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Betty's Bright Idea; Deacon Pitkin's Farm; and the First Christmas of New England   By: (1811-1896)

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PITKIN'S FARM; AND THE FIRST CHRISTMAS OF NEW ENGLAND

BETTY'S BRIGHT IDEA

also

DEACON PITKIN'S FARM,

and

THE FIRST CHRISTMAS OF NEW ENGLAND.

BY HARRIET BEECHER STOWE.

With Illustrations.

1875.

[Illustration: The Children in the Churchyard.]

BETTY'S BRIGHT IDEA.

"When He ascended up on high, He led captivity captive, and gave gifts unto men." Eph. iv. 8.

Some say that ever, 'gainst that season comes Wherein our Saviour's birth is celebrate, The bird of dawning singeth all night long. And then, they say, no evil spirit walks; The nights are wholesome; then no planets strike, No fairy takes, no witch hath power to charm, So hallowed and so gracious is the time.

And this holy time, so hallowed and so gracious, was settling down over the great roaring, rattling, seething life world of New York in the good year 1875. Who does not feel its on coming in the shops and streets, in the festive air of trade and business, in the thousand garnitures by which every store hangs out triumphal banners and solicits you to buy something for a Christmas gift? For it is the peculiarity of all this array of prints, confectionery, dry goods, and manufactures of all kinds, that their bravery and splendor at Christmas tide is all to seduce you into generosity, and importune you to give something to others. It says to you, "The dear God gave you an unspeakable gift; give you a lesser gift to your brother!"

Do we ever think, when we walk those busy, bustling streets, all alive with Christmas shoppers, and mingle with the rushing tides that throng and jostle through the stores, that unseen spirits may be hastening to and fro along those same ways bearing Christ's Christmas gifts to men gifts whose value no earthly gold or gems can represent?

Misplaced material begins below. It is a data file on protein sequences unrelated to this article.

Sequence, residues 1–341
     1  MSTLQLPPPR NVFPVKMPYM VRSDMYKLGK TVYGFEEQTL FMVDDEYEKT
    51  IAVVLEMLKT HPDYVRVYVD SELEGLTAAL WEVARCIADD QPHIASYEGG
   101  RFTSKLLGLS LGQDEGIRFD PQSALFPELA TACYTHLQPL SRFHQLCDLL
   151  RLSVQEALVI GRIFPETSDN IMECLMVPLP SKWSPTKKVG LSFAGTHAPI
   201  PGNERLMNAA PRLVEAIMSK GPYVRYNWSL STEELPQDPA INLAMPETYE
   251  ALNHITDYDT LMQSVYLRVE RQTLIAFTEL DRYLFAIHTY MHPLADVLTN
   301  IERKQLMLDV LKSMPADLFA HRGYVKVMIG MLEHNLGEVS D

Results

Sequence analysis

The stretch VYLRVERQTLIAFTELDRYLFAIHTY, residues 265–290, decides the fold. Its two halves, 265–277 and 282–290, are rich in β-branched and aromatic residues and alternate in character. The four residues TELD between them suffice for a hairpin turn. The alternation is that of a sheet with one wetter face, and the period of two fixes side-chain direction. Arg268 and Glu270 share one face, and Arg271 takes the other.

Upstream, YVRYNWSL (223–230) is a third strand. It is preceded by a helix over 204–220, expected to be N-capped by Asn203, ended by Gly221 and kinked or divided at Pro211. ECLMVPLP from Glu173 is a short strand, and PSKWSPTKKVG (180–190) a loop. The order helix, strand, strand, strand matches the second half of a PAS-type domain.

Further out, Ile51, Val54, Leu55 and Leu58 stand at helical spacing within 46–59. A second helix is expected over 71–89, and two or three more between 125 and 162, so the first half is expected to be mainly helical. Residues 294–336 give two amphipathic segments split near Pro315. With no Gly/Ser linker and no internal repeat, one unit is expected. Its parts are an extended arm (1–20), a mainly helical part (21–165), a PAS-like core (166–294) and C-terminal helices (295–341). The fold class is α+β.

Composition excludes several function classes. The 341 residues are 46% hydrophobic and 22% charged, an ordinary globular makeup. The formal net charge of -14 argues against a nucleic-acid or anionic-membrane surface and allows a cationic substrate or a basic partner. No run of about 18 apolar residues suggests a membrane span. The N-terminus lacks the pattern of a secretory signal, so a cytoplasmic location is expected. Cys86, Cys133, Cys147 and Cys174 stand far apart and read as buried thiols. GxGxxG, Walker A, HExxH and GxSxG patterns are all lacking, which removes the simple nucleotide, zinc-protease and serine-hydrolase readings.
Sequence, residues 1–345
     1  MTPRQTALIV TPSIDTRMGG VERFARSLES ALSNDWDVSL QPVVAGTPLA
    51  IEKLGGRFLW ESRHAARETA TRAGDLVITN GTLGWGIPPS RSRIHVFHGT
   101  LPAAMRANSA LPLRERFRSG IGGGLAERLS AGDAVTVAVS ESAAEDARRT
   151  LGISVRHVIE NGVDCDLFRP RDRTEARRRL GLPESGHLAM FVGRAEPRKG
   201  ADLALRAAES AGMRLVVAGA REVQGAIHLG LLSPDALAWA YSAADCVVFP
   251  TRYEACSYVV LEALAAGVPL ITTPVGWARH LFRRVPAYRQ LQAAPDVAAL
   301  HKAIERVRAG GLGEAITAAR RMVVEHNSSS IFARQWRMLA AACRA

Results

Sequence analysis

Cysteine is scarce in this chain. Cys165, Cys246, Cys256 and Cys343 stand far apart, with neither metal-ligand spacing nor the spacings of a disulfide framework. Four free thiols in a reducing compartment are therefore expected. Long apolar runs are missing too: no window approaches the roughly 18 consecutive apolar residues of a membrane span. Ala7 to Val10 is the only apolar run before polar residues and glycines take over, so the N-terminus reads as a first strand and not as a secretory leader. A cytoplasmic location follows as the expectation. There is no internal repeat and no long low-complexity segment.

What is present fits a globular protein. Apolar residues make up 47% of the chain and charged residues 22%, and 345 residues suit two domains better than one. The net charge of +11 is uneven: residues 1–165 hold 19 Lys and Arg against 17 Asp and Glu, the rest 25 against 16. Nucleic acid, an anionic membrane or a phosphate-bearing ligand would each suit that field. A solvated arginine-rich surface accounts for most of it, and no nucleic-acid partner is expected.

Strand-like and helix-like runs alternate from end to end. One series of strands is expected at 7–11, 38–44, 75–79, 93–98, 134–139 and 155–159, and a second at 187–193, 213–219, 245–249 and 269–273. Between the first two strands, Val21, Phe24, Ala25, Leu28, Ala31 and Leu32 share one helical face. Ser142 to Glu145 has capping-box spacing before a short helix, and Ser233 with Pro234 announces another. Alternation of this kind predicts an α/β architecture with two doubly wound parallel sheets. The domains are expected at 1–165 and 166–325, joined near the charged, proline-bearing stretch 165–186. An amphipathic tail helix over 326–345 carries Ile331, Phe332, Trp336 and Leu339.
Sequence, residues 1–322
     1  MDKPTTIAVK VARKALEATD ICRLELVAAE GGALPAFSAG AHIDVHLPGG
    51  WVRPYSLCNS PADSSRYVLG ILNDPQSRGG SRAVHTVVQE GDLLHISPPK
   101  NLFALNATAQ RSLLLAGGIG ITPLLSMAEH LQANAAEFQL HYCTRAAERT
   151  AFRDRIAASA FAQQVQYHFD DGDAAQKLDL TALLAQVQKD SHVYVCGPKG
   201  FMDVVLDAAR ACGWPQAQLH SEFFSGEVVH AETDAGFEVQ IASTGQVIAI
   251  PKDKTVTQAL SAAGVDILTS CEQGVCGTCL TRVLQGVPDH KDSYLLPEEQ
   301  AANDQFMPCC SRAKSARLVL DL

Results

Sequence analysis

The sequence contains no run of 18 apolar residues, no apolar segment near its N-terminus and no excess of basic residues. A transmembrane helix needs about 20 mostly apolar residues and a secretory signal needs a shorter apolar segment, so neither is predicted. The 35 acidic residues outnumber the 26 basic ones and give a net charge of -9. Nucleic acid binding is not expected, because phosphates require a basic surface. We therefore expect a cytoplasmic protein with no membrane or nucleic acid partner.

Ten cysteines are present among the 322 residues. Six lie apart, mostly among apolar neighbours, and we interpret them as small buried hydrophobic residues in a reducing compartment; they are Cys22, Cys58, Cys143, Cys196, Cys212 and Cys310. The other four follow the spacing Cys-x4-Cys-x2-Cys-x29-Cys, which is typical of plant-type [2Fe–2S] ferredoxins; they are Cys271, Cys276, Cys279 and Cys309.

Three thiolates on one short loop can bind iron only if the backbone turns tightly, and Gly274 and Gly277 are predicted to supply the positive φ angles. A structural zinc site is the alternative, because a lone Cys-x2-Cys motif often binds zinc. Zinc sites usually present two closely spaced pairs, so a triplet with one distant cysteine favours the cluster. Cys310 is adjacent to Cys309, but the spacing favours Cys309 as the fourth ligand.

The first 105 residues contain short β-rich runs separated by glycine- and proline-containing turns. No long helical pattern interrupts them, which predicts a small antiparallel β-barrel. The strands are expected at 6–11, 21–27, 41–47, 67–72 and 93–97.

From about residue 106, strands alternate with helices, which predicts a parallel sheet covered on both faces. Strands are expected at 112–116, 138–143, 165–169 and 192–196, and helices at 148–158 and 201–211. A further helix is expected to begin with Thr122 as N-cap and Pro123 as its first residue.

Yet, on this morning of the day before Christmas, were these Shining Ones, moving to and fro with the crowd, whose faces were loving and serene as the invisible stars, whose robes took no defilement from the spatter and the rush of earth, whose coming and going was still as the falling snow flakes. They entered houses without ringing door bells, they passed through apartments without opening doors, and everywhere they were bearing Christ's Christmas presents, and silently offering them to whoever would open their souls to receive. Like themselves, their gifts were invisible incapable of weight and measurement in gross earthly scales. To mourners they carried joy; to weary and perplexed hearts, peace; to souls stifling in luxury and self indulgence they carried that noble discontent that rises to aspiration for higher things. Sometimes they took away an earthly treasure to make room for a heavenly one. They took health, but left resignation and cheerful faith. They took the babe from the dear cradle, but left in its place a heart full of pity for the suffering on earth and a fellowship with the blessed in heaven. Let us follow their footsteps awhile.

SCENE I.

A young girl's boudoir in one of our American palaces of luxury, built after the choicest fancy of the architect, and furnished in all the latest devices of household decoration. Pictures, statuettes, and every form of bijouterie make the room a miracle of beauty, and the little princess of all sits in an easy chair before the fire, and thus revolves with herself:

"O, dear me! Christmas is a bore! Such a rush and crush in the streets, such a jam in the shops, and then such a fuss thinking up presents for everybody! All for nothing, too; for nobody Wants anything. I'm sure I don't. I'm surfeited now with pictures and jewelry, and bon bon boxes, and little china dogs and cats and all these things that get so thick you can't move without upsetting some of them. There's papa, he don't want anything. He never uses any of my Christmas presents when I get them; and mamma, she has every earthly thing I can think of, and said the other day she did hope nobody'd give her any more worsted work! Then Aunt Maria and Uncle John, they don't want the things I give them; they have more than they know what to do with, now... Continue reading book >>




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